Slashdot videos: Now with more Slashdot!
We've improved Slashdot's video section; now you can view our video interviews, product close-ups and site visits with all the usual Slashdot options to comment, share, etc. No more walled garden! It's a work in progress -- we hope you'll check it out (Learn more about the recent updates).
... are for entertainment value only. It's like shoving 500 feral cats into a van and watching the action.
Who the hell cares if this scientist took some under-the-table money over a decade ago. Neither side has proven anything, and pointing out a pimple on the other side's stripper doesn't make anyone look creditable.
Dear Slashdot: poisoning your content in this way doesn't motivate me to visit your site.
Addressing your answer to these elements in order:
1- Lower efficiency cells can be used, it just takes more cells to produce the same output.
2- There is nothing stopping an under-developed country from making their own solar cells. They are basically glass with thin films of material deposited thereon.
3- Even if these films require the use of rare earth materials, glass and those materials cannot be patented. Build the plant in the under-developed country, import the materials and make as many cells as you like.
That's three strikes, and my point wins.
And as far as the importation of consumer products: a rice farmer with two cows doesn't care about efficient water-use appliances nor about the generation of electricity. He doesn't import the advanced technology because he doesn't want it or can't afford it, not because there's some patent-holder keeping it from him. (You left out the cost of transporting the cells to his location, which will be perhaps more significant than the manufacturing cost. Transporting panes of glass can be a tricky business...)
Why doesn't the IP/patents of the industrialized world matter to poorer nations? The answer in one word: jurisdiction. A U.S. patent won't stop anyone from practicing or importing an invention in any other country, so long as those activities are done entirely outside of the U.S. (Replace "U.S" with any other country or region and you have the same thing.) The article just touched on the possibility that technology might be stopped in the developing world IF it was not possible to build the potentially-infringing products to be installed elsewhere. But that really isn't much of an impediment: all products are assemblages of their component parts, and those component parts are rarely protected in their totality under patents. Want to build the technology in Nigeria (where there are no patents to it)? Then build the component parts in the industrialized world, ship them there, and let the Nigerian workers turn their wrenches. Unless there is a component part that is (1) essential to a patented product or method, (2) must be exclusively manufactured in the places where it is patented, and (3) has no non-infringing uses, then this theoretical IP won't stop the technology from being built and developed in the third world. It's a big red herring.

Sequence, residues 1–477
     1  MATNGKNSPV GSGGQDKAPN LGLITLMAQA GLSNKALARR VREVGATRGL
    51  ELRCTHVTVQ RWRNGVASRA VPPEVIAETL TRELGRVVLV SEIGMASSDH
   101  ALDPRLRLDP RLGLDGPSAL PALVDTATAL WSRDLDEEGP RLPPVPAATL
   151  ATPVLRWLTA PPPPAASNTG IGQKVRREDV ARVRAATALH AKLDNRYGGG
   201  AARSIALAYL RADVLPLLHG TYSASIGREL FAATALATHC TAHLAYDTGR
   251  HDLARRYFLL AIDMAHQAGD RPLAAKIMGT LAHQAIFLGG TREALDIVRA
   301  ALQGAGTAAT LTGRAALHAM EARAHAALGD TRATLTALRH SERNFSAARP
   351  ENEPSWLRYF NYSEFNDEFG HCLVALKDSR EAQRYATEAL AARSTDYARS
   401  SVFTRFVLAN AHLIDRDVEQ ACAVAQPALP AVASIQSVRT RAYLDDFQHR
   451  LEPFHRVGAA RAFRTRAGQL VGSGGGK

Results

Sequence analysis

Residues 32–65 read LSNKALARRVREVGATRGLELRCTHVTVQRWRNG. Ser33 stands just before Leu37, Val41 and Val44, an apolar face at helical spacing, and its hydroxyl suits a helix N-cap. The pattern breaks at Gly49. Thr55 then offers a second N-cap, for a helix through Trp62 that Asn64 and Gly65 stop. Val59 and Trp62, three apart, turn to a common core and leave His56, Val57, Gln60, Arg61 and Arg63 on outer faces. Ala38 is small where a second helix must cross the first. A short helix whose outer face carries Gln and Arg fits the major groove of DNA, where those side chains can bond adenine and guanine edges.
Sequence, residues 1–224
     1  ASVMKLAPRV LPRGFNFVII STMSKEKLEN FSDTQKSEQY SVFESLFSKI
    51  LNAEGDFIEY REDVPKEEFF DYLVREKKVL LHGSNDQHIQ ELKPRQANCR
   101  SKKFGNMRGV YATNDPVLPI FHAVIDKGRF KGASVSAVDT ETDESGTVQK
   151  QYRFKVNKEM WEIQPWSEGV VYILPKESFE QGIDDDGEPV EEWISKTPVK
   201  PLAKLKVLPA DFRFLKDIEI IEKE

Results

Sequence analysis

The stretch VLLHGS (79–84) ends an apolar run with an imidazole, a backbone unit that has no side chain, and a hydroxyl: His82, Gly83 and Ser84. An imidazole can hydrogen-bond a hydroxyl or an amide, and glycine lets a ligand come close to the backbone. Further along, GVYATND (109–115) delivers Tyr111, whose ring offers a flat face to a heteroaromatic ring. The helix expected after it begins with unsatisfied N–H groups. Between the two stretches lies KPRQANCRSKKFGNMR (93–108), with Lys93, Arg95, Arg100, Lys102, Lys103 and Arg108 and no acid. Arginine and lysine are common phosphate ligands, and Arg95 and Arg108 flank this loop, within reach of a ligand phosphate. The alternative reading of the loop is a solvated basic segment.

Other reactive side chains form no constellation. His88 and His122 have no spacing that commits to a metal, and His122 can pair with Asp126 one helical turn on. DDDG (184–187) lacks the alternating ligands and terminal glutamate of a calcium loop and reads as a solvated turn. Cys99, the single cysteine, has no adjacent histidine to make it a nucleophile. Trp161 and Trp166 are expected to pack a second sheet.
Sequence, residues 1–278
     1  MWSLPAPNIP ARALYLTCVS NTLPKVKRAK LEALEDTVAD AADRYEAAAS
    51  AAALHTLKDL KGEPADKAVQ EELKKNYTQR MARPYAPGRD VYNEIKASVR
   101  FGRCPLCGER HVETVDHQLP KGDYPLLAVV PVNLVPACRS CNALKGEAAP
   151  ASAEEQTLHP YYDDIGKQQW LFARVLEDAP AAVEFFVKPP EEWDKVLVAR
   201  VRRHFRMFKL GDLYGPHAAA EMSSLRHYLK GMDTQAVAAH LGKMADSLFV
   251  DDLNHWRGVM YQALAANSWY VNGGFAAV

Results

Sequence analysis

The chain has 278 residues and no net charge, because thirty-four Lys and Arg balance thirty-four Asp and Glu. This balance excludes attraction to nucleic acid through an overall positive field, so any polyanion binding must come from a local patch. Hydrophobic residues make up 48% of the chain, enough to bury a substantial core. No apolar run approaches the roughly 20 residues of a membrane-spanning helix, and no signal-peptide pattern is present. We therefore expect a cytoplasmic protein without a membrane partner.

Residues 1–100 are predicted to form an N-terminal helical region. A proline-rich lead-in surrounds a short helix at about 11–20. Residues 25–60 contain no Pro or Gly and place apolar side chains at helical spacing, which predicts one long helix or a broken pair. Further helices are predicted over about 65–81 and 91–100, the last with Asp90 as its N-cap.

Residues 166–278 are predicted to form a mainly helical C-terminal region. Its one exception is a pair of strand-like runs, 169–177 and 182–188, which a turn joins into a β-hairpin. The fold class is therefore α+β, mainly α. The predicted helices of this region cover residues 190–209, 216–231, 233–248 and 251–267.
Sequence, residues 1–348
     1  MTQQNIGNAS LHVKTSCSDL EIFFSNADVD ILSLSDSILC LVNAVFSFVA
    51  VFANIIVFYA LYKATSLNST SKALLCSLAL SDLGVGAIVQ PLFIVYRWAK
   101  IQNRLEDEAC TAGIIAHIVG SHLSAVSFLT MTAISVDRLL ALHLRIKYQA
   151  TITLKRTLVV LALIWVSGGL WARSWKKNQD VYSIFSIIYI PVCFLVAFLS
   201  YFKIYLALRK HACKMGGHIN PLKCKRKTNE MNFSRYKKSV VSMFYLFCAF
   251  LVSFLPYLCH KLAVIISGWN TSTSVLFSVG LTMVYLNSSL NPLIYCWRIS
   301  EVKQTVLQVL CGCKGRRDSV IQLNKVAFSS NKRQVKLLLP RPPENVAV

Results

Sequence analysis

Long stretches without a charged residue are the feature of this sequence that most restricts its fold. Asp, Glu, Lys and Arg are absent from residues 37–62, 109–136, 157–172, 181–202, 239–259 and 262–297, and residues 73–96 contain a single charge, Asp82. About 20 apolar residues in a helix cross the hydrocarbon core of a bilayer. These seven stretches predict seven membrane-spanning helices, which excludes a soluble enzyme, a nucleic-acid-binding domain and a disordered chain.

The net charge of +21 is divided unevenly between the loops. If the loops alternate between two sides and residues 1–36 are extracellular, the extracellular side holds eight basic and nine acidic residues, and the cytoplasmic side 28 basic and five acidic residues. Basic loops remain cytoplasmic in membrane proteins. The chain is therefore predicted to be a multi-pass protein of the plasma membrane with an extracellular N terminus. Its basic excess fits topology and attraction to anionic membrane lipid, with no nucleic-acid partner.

The problem isn't one of IP: it's one of a lack of capital and ROI. When large companies see profit in building energy infrastructure in those poorer nations, I assure you that they'll be right there.
It will never work, because the receiving party of a work declared to be in the public domain cannot verify that the declaring party had the right to do so. Such declarations could be made erroneously or falsely: just having a registry of such declarations doesn't remove the possibility that there is a true copyright-holder out there who might want to pursue his rights later. All the receiving party could to is claim not to have engaged in willful infringement, because he relied upon the declaration.
Imagine that I registered the song "Lucy In the Sky With Diamonds" and all its recordings into the public domain. As I am not the Beatles, I have no right to do that, and that registration would be false. Using this kind of registry would only confuse the potential market of licensees and clog up the courts with law suits.
The CO detector law requires a $20 battery operated CO detector. (Look under "COSTS".) That is insignificant. What LA wants to do is require supports to be reinforced or replaced which will cost thousands to do.
The Sprinkler system law "requires sprinklers to be installed in accordance with the sprinkler provisions applicable at the time the alteration permit was issued". In other words, property owners who don't alter their properties are exempt.
For these two laws, neither is a "taking" of existing property rights under the Fifth Amendment.
You make the common mistake of thinking that property is the land or building. It's the rights *associated with* the land or building. When the state takes away the owner's ability to use those rights, then the Fifth Amendment requires just compensation. Who gets to use land or improvements thereupon does not matter; the fact that the building doesn't become a public one has zero relevance.
New laws will apply to new buildings or to improvements made to old ones (for permits to issue). There are lots and lots of old structures that remain the same because they haven't been improved. Unless the state wants to compensate the owner, it has no power to force the owner to act. If you look at those new laws in detail, you'll find that they do not impact the present owner's rights to use the property as they were before.